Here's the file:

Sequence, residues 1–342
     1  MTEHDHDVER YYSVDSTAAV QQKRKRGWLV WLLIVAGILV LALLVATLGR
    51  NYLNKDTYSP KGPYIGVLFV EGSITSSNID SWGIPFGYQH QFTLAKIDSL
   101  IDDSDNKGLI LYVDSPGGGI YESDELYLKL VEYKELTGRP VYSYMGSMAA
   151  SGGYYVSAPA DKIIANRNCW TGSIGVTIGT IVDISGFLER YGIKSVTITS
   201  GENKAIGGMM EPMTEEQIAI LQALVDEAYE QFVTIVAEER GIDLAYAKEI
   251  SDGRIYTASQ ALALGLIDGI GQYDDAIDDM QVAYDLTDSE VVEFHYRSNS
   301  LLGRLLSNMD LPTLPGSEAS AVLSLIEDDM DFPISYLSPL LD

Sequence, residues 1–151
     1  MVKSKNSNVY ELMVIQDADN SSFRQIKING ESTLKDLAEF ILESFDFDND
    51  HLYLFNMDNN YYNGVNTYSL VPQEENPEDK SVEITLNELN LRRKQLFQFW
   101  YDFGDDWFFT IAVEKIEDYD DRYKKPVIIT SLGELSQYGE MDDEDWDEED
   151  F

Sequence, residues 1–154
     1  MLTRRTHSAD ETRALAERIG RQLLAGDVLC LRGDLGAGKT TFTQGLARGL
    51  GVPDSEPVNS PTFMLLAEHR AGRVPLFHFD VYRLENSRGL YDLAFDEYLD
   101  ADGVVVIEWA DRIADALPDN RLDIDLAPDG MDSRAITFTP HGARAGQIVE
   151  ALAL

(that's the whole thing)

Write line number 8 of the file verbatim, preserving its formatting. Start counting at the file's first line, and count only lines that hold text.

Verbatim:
   301  LLGRLLSNMD LPTLPGSEAS AVLSLIEDDM DFPISYLSPL LD